Finding Our Creative Voice

Honing theory and Creativity

Honing theory holds that creativity arises due to the self-organizing, self-mending nature of a worldview (perception), and that it is by way of the creative process the individual hones (and re-hones) an integrated worldview. 

Honing theory places equal emphasis on the externally visible creative outcome and the internal cognitive restructuring brought about by the creative process. 

However, internal re-honing always precedes any external outcome. 

When one actively removes a sufficient number of internal habitual automatic Schema, that have been naturally wired based upon our emotional experiences (some since our childhood), we can consciously replace them with our own personally empowered beliefs, and open up our natural creativity and intuition.

Indeed, one factor that distinguishes honing theory from other theories of creativity is that it focuses on not just restructuring as it pertains to the conception of the task of creativity, but as it pertains to the worldview as a whole. 

Many philosophers and psychologies believe that one must assess all of their fundamental beliefs, and continually tune them as new insights and awareness are developed. 

By merely assimilating new experience into ones static belief system, an ever expanding understanding and more accurate view of reality cannot be developed, and new information must be contorted to fit existing beliefs or ignored all together.  Holding dear to ones static perception, or overall worldview, arrests ones overall development as cognitive, perceptual and emotional development are inextricably linked.

When faced with a creatively demanding task, there is an interaction between the conception of the task and the worldview. The conception of the task changes through interaction with the worldview, and the worldview changes through interaction with the task. 

This is the metacognitive task of “Reality Testing”. The creative individual, Intuits an accommodated worldview (expanded contextual perceptions, per Jean Piaget), and tests it out in their daily lives. In this way, like the natural processes of childhood learning, we grow in our abilities and continue the learning process actively.

This interaction is reiterated until the task is complete, at which point not only is the task conceived of differently, but the worldview is subtly or drastically transformed. A Schema is acommadated to incorporate new insights into the context of a sharpened belief, we grow.

Thus another distinguishing feature of honing theory is that the creative process reflects the natural tendency of a worldview to attempt to resolve dissonance and seek internal consistency amongst its components, whether they be ideas, attitudes, or bits of knowledge; it mends itself as does a body when it has been injured. As an adult this practice is a rare one, though as a child it is our natural way of learning.

Yet another central, distinguishing feature of honing theory is the notion of a potentiality state.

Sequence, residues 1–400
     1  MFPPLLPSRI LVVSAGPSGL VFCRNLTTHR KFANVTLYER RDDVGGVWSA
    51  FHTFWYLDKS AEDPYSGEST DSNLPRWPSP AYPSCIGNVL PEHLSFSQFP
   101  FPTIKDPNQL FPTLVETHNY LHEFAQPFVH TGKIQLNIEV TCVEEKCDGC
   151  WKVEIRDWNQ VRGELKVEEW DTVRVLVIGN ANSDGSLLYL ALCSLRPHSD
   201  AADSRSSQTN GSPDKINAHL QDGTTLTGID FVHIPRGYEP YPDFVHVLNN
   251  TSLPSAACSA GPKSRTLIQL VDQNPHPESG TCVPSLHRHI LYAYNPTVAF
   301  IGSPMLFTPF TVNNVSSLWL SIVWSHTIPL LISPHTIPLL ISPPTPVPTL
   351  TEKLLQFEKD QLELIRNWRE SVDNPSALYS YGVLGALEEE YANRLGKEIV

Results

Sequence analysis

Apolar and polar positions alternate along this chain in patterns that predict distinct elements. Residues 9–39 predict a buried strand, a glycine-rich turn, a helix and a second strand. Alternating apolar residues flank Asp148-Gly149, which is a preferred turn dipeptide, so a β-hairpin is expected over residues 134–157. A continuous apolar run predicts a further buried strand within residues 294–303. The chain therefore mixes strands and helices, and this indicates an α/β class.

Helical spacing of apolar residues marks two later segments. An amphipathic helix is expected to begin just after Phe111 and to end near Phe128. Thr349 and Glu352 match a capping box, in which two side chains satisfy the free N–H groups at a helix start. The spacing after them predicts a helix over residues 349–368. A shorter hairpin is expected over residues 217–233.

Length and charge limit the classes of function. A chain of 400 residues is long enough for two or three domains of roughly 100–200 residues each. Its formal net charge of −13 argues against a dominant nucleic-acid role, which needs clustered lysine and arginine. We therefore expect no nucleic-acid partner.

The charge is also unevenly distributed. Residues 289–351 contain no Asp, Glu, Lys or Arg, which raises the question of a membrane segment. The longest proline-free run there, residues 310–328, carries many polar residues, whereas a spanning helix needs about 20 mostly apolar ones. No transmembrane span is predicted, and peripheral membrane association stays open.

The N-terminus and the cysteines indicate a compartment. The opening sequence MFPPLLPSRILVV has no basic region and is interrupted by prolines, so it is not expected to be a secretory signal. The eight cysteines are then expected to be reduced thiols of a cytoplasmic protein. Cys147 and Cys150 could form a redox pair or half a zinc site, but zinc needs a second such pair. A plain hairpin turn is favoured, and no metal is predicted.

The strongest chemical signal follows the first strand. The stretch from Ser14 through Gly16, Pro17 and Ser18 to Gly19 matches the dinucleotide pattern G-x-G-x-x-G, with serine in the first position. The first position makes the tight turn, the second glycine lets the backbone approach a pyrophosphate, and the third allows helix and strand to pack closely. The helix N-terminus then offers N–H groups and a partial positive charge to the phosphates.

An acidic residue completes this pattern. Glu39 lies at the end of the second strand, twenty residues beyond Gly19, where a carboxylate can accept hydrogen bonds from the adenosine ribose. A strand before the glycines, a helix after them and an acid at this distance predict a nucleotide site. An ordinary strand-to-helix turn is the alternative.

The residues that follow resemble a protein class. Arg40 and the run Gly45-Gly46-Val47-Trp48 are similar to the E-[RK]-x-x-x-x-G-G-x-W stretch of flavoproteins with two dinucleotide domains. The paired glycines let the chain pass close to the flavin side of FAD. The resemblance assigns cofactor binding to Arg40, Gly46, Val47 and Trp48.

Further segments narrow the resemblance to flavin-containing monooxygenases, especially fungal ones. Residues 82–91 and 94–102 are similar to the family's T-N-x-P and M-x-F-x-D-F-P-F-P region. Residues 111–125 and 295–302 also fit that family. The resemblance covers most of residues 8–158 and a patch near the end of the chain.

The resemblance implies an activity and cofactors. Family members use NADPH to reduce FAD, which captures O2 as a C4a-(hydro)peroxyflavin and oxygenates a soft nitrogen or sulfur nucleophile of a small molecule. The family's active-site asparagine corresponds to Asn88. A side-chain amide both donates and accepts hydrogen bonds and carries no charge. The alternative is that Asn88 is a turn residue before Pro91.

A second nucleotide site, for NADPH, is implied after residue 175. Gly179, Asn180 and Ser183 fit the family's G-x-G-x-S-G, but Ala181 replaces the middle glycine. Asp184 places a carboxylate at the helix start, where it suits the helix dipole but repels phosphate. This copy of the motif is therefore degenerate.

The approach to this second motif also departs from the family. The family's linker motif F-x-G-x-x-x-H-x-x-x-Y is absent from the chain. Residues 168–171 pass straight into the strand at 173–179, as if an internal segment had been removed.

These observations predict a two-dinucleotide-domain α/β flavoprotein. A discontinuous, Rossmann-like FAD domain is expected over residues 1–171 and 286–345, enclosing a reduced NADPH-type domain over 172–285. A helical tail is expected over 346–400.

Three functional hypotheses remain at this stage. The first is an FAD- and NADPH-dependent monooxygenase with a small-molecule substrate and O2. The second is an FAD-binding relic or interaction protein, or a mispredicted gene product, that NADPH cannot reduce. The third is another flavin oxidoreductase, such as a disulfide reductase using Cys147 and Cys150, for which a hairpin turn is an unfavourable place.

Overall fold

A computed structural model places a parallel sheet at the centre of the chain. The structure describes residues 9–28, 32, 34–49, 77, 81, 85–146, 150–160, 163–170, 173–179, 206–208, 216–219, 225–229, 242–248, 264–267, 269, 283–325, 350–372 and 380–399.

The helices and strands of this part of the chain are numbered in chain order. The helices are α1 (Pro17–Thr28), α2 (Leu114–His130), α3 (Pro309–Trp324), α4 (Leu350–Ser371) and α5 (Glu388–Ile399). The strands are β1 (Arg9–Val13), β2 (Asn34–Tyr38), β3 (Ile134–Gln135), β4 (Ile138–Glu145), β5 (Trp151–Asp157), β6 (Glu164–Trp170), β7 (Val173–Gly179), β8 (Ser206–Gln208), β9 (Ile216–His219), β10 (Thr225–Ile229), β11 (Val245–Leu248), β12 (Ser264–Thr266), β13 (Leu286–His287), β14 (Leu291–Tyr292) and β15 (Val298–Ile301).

Honing theory posits that creative thought procedes not by searching through and randomly ‘mutating’ predefined possibilities, but by drawing upon associations that exist due to overlap in the distributed neural cell assemblies that participate in the encoding of experiences in memory. 
The more clearly we view the world, and the more consistent and stringent we are when we accept new information as valid, the more integrated our memories are encoded and retrieved. In this way we have adequate brain processing speed to easily recall from the necessary knowledg-base we have actively accumulated.

Midway through the creative process one may have made associations between the current task and previous experiences, but not yet determined which aspects of those previous experiences are relevant to the current task. Thus the creative idea may feel ‘half-baked’. 

It is at that point that it can be said to be in a potentiality state, because how it will actualize depends on the different internally or externally generated contexts it interacts with.

Honing theory can account for many phenomena that are not readily explained by other theories of creativity. For example, creativity was commonly thought to be fostered by a supportive, nurturing, trustworthy environment conducive to self-actualization. 

However, research shows that creativity is actually associated with childhood adversity, which would stimulate honing. If one were to review the childhoods of some of the most creative and ingenius men and women of all time, more often than naught, they experienced severe childhood tragedy.

Honing theory also makes several predictions that differ from what would be predicted by other theories. For example, empirical support has been obtained using analogy problem solving experiments for the proposal that midway through the creative process one’s mind is in a potentiality state. 

Other experiments show that different works by the same creator exhibit a recognizable style or ‘voice’, and that this same recognizable quality even comes through in different creative outlets. 

When on has found their voice, they have found the center of their creativity, until this occurs they must search for their voice heuristically and through Reality Testing assimilating and then accommodating their beliefs in order to develop and grow into their creativity.

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